not forgotten . . .

Don "Big Daddy" MacLaren

Tewksbury, Ma
19.May.1935 - 12.Jan.2011

He was known as "The Flying Scotsman" to thousands of fans, "Big Daddy" to thousands more, while becoming a fearless legend on New England and New York speedways throughout the 1960s and '70s.
Whenever Don MacLaren was in the starting lineup wheeling one of his many cutdowns or supermodifieds on any of the two dozen tracks he raced, his reputation always brought instant anticipation in the grandstands. That well-earned electricity was his trademark: guaranteed excitement.
Mr. MacLaren, 75, died Jan. 12, 2011 at Lowell General Hospital of complications from diabetes.

Elected to the New England Auto Racing Hall of Fame in 2002, MacLaren's spectacular career as a driver included over 200 wins between 1951 and 1984. He won a record three consecutive United Race Drivers Club (URDC) Class A season point championships between 1961 and 1963. He won six track championships in those years, three at the former Pines Speedway in Groveland. Ma., and three more at Hudson Speedway, Hudson, N.H.. where his car number was retired in 1989. Undoubtedly one of New England racing's all-time memorable rivalries matched MacLaren, driving the "Blue Streak" No. 3 and later the "Flyin' 5" and his own No. 30, against Ollie Silva, in his black chrome-numbered "Big O" cars. Silva, a quiet, gentlemanly type, had a mystique wearing sunglasses at night for an oversensative ocular problem. He had a white-hat reputation along with cat-like quick racing reactions.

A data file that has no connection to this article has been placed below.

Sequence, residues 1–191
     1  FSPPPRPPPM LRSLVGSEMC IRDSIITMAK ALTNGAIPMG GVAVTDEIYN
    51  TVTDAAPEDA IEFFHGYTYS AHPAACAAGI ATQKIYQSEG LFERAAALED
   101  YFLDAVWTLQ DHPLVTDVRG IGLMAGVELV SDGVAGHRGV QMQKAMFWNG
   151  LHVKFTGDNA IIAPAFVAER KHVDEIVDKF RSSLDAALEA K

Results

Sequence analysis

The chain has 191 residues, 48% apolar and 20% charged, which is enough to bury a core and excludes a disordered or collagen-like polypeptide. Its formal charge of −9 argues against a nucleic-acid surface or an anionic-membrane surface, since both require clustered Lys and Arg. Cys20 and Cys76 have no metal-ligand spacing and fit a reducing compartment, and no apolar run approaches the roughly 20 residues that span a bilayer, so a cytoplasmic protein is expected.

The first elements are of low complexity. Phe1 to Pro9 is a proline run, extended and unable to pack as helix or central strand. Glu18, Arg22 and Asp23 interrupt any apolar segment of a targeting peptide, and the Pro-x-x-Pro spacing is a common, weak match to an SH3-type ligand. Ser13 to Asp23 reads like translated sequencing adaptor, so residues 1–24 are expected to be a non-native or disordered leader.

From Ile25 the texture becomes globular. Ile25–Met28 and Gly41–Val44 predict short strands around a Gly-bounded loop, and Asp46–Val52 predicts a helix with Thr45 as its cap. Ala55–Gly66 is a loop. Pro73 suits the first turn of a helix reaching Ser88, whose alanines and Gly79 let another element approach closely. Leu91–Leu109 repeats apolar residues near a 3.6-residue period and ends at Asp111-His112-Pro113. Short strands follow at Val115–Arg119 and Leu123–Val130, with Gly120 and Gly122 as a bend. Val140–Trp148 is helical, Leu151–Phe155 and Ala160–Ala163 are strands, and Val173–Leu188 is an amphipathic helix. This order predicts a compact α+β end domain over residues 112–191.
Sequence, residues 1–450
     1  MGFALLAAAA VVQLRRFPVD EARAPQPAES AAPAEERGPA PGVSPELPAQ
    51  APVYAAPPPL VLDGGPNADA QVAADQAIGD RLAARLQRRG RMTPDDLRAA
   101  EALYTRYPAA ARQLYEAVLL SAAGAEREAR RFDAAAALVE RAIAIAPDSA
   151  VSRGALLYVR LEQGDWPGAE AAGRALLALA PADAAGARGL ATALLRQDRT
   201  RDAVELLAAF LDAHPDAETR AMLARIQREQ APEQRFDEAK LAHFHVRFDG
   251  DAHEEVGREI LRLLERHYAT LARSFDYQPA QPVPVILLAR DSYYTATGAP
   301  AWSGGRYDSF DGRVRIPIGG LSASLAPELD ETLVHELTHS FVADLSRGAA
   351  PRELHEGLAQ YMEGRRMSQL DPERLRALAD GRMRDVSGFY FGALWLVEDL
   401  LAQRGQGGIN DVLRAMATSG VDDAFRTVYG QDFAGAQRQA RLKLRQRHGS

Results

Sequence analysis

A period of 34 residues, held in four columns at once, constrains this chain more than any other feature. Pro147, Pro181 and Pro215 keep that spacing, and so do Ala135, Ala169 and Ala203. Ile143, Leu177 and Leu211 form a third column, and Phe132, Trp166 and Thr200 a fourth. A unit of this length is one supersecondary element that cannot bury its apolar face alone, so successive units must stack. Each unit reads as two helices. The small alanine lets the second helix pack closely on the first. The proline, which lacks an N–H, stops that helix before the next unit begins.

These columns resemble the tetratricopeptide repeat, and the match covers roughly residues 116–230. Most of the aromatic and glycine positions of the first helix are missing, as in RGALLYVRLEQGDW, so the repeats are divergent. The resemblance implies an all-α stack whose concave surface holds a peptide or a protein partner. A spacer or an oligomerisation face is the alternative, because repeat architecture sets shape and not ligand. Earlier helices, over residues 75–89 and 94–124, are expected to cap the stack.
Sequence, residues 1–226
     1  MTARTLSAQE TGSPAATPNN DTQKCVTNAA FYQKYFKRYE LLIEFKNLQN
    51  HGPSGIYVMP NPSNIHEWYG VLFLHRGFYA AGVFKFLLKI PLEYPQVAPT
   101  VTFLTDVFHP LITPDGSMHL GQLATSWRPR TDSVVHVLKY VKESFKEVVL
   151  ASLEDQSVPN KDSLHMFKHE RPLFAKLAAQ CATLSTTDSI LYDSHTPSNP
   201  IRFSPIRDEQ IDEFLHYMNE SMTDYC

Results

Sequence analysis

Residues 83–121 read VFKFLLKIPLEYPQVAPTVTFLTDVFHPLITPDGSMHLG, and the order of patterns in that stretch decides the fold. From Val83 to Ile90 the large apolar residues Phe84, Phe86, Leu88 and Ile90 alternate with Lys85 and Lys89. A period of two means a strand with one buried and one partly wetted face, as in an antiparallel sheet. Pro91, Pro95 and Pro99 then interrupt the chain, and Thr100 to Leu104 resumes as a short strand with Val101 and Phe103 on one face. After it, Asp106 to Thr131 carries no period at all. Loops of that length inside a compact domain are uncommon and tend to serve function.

MacLaren was a burly challenger. Famous for his get-out-of-my-way charges through the field, he made his competition work for whatever they got, and sometimes whatever he thought they deserved. He could race wheel-to-wheel, play bumper-tag, or in the case of an on-track disagreement, tag a fellow driver in the nose with a solid right fist. This fear of the "Big Mac" attack came long before the fast-food variety. Like most drivers of the time, Pines track announcer Danny Wilson nicknamed the two crowd favorites "Quick Silva" and "The Flying Scotsman."